WORLDWIDE—A presentation at the Society for Information Display’s (SID; Campbell, CA) Mobile Displays 2008 conference by analyst Steve Sechrist at Insight Media (Norwalk, CT) asked the question “What is holding back 3-D?” Sechrist cited customer research that shows while > 50% of respondents were interested in a three-dimensional (3-D) entertainment experience, 29% didn’t want 3-D at all, and the rest were indifferent. In fact, NTT DOCOMO (Tokyo, Japan) launched a 3-D cell phone in 2004–2005 at a $50 premium over standard phones and it flopped. Nonetheless, 2.8 million of these phones were sold; in fact, market research company Displaybank (San Jose, CA) forecasts that 3-D display technology will grow at a 95% average annual growth rate from $140 million in 2008 to $15.8 billion by 2015.
The 3-D hardware evolution
The first 3-D movie in 1922 entitled “Power of Love” required viewers to wear 3-D glasses with one red and one blue or green lens. Using the anaglyph process, two views of a scene were shot and printed separately on red and blue or green film and layered together. When the layered film was viewed with the special glasses, the brain was tricked by the colored overlap making some objects appear closer and others further away. But the real era for 3-D movies was certainly the 1950s with “House of Wax” and “Creature from the Black Lagoon,” when red/green glasses gave way to polarized glasses that tricked the eyes into perceiving depth by viewing two orthogonally polarized scenes simultaneously.
Moving forward to the 21st century, major movie studios promise a 3-D viewing experience that eliminates eye fatigue. In August 2008, entertainment technology companies 3ality Digital (Burbank, CA) and Quantel (Newbury, Berkshire, England) announced a partnership to bring stereoscopic 3-D broadcast technology to every television in America. 3ality Digital is credited with producing the “U2 3-D” movie, a critically acclaimed 3-D experience shot using nine camera setups constructed of two cameras each that acted as a pair of eyes to create a 3-D effect during post-production development. And because the film was shot in high-definition video, each frame used nearly 20 megabytes of data with the overall 85 minute film consuming almost a petabyte (1015 bytes); unfortunately, the movie still requires 3-D glasses for viewing.
For audiences to embrace 3-D, many people think that technology should eliminate the need for special viewing glasses. But 3-D specialist Andrew Woods from Curtin University of Technology (Perth, Australia), says, “Audiences are already embracing the technology with cinema attendance to the 3-D versions of movies usually 2–3 times higher than the same 2-D movie. Glasses-based 3-D displays are here now, are affordable, and of high-quality and I think the application tends to be more of a driving factor in what type of display technology is used.”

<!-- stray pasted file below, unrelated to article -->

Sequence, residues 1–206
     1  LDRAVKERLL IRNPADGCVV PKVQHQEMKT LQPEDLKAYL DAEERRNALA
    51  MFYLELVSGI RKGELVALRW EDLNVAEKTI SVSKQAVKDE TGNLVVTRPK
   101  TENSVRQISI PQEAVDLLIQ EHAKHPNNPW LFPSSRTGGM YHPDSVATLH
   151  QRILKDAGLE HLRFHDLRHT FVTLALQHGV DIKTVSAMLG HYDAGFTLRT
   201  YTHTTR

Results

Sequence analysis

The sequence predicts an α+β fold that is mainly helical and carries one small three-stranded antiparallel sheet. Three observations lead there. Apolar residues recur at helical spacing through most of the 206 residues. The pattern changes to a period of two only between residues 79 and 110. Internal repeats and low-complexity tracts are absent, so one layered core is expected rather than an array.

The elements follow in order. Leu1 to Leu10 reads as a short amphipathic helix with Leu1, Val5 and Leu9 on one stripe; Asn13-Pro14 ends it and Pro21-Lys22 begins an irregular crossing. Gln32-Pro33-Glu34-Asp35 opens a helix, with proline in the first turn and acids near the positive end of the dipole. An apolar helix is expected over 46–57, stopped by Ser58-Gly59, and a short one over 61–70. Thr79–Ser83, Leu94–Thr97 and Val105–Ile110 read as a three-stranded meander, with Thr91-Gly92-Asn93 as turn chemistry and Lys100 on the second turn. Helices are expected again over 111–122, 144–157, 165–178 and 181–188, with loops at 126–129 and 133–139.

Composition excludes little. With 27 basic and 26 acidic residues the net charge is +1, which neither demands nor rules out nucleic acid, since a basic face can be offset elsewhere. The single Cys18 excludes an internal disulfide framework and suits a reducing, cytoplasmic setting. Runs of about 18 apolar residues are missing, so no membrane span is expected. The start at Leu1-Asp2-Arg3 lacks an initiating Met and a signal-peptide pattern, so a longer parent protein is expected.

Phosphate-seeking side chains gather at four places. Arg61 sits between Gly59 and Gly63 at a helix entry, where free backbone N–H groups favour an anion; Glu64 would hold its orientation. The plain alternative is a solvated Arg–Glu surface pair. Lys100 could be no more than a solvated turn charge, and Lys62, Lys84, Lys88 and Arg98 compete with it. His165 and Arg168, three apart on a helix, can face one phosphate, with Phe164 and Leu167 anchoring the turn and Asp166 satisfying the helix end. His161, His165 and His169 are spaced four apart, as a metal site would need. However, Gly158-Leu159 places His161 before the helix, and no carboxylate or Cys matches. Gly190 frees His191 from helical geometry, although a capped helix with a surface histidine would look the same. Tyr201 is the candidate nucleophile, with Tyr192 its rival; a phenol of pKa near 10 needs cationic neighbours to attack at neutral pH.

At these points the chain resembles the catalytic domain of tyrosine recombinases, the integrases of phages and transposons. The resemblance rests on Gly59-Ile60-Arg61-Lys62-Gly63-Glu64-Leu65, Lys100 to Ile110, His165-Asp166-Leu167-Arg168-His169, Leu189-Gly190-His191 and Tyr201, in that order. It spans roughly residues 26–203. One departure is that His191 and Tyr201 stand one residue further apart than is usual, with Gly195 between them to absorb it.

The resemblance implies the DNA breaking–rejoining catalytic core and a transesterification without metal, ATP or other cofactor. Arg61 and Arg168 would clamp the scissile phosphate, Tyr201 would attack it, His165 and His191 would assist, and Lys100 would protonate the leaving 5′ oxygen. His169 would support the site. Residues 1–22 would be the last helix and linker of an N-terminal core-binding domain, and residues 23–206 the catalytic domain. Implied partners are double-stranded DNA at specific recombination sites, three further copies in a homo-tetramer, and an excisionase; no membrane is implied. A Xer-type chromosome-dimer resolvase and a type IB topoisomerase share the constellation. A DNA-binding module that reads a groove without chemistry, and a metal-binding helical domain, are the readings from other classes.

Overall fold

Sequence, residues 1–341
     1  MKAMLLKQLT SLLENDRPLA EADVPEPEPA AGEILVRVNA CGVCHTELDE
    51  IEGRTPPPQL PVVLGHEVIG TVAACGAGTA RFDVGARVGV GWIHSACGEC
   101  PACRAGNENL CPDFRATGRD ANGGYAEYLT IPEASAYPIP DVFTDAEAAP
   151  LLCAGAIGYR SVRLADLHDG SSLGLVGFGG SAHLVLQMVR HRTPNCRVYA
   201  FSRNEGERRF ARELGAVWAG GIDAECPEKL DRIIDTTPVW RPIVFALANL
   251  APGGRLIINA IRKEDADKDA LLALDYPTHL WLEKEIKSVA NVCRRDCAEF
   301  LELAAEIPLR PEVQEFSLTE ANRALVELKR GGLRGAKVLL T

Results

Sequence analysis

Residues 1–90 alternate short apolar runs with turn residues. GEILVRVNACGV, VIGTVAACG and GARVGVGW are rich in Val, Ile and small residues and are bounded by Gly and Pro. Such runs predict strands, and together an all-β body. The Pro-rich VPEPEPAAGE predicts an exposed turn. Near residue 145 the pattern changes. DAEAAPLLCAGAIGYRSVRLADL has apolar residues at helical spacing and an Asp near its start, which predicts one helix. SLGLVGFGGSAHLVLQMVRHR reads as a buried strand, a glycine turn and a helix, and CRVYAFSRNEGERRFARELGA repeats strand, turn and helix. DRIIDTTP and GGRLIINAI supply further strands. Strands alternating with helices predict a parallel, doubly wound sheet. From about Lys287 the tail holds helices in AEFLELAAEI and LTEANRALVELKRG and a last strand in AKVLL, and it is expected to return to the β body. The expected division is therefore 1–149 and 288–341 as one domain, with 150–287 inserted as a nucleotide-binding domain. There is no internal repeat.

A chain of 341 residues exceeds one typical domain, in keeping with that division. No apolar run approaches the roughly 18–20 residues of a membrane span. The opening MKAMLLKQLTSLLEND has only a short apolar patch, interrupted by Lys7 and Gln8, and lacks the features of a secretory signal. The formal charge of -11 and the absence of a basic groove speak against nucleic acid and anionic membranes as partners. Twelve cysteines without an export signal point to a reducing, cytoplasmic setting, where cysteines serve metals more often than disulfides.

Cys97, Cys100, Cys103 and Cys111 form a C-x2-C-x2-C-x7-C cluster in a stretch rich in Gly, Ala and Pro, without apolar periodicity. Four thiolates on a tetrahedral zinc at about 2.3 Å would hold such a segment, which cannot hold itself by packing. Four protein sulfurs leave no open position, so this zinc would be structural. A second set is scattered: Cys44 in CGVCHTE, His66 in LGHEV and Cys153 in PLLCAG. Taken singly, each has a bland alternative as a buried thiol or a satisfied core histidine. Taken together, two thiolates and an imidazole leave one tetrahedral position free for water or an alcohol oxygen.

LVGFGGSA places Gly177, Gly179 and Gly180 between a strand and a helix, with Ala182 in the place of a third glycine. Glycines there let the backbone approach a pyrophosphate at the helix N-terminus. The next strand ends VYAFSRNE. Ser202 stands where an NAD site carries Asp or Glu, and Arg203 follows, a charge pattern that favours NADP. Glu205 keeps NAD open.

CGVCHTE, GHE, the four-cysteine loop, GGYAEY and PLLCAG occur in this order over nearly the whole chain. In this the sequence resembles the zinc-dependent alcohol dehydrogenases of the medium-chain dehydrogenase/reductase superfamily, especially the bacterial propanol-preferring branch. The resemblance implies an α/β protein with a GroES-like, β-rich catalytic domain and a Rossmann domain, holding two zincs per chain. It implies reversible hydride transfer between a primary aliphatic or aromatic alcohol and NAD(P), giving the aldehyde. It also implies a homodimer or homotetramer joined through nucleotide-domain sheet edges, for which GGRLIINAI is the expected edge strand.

Today, methods to display stereoscopic images rely on some technique to present each of an individual’s eyes with a slightly different image—either separated by color, polarization, time (sequentially), or spatially. Woods says a new “super” anaglyph technique has recently been developed that uses narrower spectral bands to overcome the problems of the old anaglyph. This is called “Infitec” and is used by Dolby in its 3-D cinema systems. In the time-sequential (also called frame- or field-sequential) method, liquid-crystal shutter 3-D glasses switch on and off in sequence with left and right perspective images shown sequentially on the display. This technique requires a rapid refresh rate for the display to prevent flicker and is the technique employed in several “3-D Ready” HDTVs from Samsung and Mitsubishi.
Spatial separation is the basis of many autostereoscopic (no-glasses) displays. Lenticular, parallax barrier, and parallax illumination techniques use an optical element either in front of or behind the display that creates spatially separated viewing zones emanating from the display. If an observer’s eyes are located in two different zones, a stereoscopic image can be observed without the need for 3-D glasses. Woods says, “For advertising, yes, I think autostereoscopic is necessary. You want to catch the eye of a passing individual. For scientific visualization and cinema, people generally don’t have a problem with wearing the glasses to see an enhanced 3-D view.” Philips and a number of specialty manufacturers have displays which employ this technique.